Domestic disputes can spiral out of control, especially when one or both spouses lose their temper. You start shouting, screaming and maybe even throwing things at each other without really intending to cause physical pain. However, when your spouse hits you or threatens to hit you, you might be wondering whether it is legal to fight back. The truth is that it depends on the nature of your case.
In North Carolina, it is perfectly legal to stand your ground. You can use force, even deadly force, to protect yourself if there is “a reasonable fear of imminent death or bodily harm.” You do not have a duty to retreat if you are in a location where you have a lawful right to be. The problem is that your spouse has a legal right to be there too. If you fight back, they might accuse you of domestic violence even when they started it.
Claiming self-defense against domestic violence allegations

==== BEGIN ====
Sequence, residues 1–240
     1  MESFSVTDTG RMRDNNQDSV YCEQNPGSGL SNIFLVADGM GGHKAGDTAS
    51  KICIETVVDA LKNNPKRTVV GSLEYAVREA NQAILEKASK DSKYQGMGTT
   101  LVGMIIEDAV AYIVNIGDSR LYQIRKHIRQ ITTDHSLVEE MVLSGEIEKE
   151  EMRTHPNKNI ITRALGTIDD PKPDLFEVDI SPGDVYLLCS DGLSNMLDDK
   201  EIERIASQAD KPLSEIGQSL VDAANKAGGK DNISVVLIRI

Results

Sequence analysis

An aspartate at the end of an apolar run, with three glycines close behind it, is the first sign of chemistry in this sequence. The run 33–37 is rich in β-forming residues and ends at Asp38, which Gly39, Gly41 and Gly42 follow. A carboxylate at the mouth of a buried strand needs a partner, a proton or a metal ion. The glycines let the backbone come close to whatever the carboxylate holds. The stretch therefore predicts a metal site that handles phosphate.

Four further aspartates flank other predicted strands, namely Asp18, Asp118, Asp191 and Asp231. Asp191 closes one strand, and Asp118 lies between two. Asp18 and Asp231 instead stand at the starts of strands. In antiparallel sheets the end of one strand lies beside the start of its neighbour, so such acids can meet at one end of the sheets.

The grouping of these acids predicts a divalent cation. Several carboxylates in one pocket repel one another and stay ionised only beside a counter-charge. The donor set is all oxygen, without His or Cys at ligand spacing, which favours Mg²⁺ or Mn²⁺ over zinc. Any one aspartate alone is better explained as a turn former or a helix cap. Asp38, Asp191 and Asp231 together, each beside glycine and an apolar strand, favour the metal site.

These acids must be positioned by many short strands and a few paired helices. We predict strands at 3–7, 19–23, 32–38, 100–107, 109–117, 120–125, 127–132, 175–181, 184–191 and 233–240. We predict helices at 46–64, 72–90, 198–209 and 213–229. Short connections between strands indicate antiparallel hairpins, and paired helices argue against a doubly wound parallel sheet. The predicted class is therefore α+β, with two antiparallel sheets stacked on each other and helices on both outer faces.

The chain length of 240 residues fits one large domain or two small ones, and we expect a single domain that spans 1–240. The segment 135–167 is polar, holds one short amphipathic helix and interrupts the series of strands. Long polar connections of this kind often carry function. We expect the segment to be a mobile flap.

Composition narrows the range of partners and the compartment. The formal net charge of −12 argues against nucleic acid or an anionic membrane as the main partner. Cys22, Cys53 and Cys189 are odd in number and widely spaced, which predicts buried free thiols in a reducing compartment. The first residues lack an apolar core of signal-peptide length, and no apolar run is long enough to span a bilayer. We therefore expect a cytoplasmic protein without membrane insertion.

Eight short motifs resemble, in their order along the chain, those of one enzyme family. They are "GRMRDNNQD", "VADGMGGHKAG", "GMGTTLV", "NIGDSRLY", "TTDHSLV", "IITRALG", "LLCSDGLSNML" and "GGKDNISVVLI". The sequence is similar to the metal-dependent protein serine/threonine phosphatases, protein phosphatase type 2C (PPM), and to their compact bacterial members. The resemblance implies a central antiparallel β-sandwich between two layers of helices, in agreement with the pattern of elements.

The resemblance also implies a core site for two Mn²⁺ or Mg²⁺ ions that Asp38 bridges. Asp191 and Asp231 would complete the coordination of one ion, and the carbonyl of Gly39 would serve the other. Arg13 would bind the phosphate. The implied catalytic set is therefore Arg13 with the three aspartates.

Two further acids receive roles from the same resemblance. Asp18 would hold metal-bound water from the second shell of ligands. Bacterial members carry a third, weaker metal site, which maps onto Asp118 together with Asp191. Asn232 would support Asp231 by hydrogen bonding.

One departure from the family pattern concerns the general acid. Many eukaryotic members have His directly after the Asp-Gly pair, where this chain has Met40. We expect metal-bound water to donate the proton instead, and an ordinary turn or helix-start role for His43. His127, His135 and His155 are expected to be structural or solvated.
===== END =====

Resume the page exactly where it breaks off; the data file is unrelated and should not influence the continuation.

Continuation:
Domestic violence allegations are serious, and claiming self-defense against such charges does not guarantee an acquittal. If you are the defendant or the person accused, then you must prove the following:
- You reasonably believed you were in immediate danger of harm
- The force you used in response was necessary
- The amount of force you used was reasonable under the circumstances
If your spouse is accusing you of domestic violence for exercising your legal right to fight back, then you must build a solid defense strategy. You could still risk facing incarceration, hefty fines and restraining orders. If there are children involved, you could even lose parental rights.
How the law can protect you
The criminal justice system has its flaws, but an experienced attorney with an in-depth understanding of criminal and civil matters can help you. You had to defend yourself against your spouse in your own home. Otherwise, you could have suffered severe injuries or, worse, death. Now, you might have to defend yourself against your spouse again, but this time in the courtroom where you will need all the help you can get.